Many caretaking agreements contain a clause along the following lines.
The caretaker must maintain and clean the swimming pool and spa on a regular basis using equipment and materials supplied by and at the cost of the owners’ corporation.
It is clear that it is the caretaker’s responsibility to attend to the daily cleaning of the swimming pool. However, the water becomes a bit murky when it comes to working out whose responsibility it is to regularly test and chemically balance the water in the pool and spa.
In short, I believe that the testing and the chemical balancing of the pool is the responsibility of a specialist tradesman and not the caretaker. More importantly, why would a prudent executive committee even take the risk of demanding that the caretaker carry out this duty when the consequences of getting it wrong can be so financially detrimental to the owners?
When looking at the issue, I believe that the starting point is the Public Swimming Pool and Spa Pool Guidelines issued by the NSW government.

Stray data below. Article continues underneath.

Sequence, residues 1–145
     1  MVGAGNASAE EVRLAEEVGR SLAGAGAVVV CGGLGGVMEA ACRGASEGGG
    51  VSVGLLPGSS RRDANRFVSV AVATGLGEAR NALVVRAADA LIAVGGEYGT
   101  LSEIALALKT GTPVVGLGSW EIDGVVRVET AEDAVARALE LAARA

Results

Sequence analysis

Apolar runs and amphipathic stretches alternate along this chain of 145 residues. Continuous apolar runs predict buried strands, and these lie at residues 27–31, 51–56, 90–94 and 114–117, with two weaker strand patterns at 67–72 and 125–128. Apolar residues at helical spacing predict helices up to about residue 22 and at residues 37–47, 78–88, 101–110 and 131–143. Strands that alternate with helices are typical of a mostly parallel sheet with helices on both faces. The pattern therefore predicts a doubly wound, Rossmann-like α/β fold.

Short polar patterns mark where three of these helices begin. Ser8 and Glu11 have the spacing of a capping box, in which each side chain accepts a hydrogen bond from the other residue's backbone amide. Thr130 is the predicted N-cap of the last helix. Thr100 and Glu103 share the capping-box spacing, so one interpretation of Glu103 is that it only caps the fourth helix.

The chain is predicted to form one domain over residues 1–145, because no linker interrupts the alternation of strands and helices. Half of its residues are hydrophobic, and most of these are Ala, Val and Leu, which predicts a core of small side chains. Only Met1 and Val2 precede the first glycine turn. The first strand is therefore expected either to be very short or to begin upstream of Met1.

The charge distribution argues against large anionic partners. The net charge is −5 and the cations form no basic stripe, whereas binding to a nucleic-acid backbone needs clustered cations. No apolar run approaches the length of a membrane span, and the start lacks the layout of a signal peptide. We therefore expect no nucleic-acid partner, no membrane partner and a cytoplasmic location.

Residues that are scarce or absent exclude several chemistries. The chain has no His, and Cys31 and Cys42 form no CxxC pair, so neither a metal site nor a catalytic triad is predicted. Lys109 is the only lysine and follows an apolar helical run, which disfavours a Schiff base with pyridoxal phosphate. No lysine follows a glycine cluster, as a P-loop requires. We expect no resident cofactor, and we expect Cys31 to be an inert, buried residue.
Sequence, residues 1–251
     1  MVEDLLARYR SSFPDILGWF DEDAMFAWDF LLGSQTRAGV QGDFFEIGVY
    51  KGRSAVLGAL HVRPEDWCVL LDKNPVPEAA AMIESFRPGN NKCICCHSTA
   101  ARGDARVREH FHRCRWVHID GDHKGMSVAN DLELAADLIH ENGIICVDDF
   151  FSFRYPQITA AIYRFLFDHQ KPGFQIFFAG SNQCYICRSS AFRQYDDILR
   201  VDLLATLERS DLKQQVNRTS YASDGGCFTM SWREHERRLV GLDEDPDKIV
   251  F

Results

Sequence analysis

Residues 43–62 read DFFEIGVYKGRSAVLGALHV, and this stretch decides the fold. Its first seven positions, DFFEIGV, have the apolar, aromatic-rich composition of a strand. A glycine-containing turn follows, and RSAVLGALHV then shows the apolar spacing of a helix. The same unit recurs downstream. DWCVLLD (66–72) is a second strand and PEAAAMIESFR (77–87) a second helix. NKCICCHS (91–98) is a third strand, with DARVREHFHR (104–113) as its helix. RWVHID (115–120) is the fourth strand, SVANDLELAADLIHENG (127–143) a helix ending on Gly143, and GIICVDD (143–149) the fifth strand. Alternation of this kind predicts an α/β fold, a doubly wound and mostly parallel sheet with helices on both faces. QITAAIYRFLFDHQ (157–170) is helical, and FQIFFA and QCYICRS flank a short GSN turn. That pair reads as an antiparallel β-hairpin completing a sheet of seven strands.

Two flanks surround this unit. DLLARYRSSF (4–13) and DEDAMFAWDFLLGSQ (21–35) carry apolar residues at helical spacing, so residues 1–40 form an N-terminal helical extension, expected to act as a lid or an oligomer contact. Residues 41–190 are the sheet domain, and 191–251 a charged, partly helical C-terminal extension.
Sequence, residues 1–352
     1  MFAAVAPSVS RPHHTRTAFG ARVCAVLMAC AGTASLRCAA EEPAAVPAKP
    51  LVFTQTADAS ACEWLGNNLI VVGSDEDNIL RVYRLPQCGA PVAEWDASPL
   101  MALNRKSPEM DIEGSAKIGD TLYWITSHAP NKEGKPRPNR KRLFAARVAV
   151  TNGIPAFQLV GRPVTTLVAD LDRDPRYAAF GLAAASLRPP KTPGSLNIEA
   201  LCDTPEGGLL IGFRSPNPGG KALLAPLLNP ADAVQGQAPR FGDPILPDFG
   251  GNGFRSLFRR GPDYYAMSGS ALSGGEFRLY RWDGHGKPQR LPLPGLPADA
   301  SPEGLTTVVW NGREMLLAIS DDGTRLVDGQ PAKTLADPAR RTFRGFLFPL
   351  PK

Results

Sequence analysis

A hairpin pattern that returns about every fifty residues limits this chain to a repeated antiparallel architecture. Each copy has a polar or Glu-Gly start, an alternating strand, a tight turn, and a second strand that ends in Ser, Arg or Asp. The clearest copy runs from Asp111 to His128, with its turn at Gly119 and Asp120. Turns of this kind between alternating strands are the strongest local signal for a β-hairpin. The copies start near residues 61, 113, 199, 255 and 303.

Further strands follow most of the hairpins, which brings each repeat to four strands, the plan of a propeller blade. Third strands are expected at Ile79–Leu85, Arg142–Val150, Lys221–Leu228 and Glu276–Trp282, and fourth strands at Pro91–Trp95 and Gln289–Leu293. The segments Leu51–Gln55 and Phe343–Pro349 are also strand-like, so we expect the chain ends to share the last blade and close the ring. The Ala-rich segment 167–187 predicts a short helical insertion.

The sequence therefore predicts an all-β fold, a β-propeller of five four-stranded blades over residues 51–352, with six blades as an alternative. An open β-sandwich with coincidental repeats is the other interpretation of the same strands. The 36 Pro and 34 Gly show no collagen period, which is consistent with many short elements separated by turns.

The essential purpose of the guidelines is to specify minimum levels of chemicals and disinfectants for treated water in public swimming pools and public spa pools, with specific application to municipal swimming pools and spas as well as pools and spas in hotels and motels, clubs, schools, gymnasiums and health resorts, squash and tennis centres, recreational resorts, hospitals (hydrotherapy pools), workplaces and places of adult entertainment. However, the guidelines also make it clear that they have equal application to all swimming pools and spas.
The guidelines go on to provide that a “pool operator” (being the person nominated to be in charge of the pool) is required to have a sound knowledge of:
• pool plant;
• pool maintenance;
• pool disinfection requirements;
• water testing;
• first aid; and
• lifesaving and resuscitation techniques.
When you look at the level of knowledge required by a “pool operator” under the guidelines and when you further take into account the fact that most resort or residential complexes have quite large pools, I believe that a skilled tradesman is reasonably required when it comes to testing the water and (more importantly) attending to the chemical balancing of the water.
Owners’ corporations have a duty of care to their owners, occupiers and/or guests to ensure that all common property pools and spas are fit for their intended use.
Why risk breaching that duty of care by delegating the task to someone who does not reasonably have the specialist knowledge to undertake the work?
Small Myers Hughes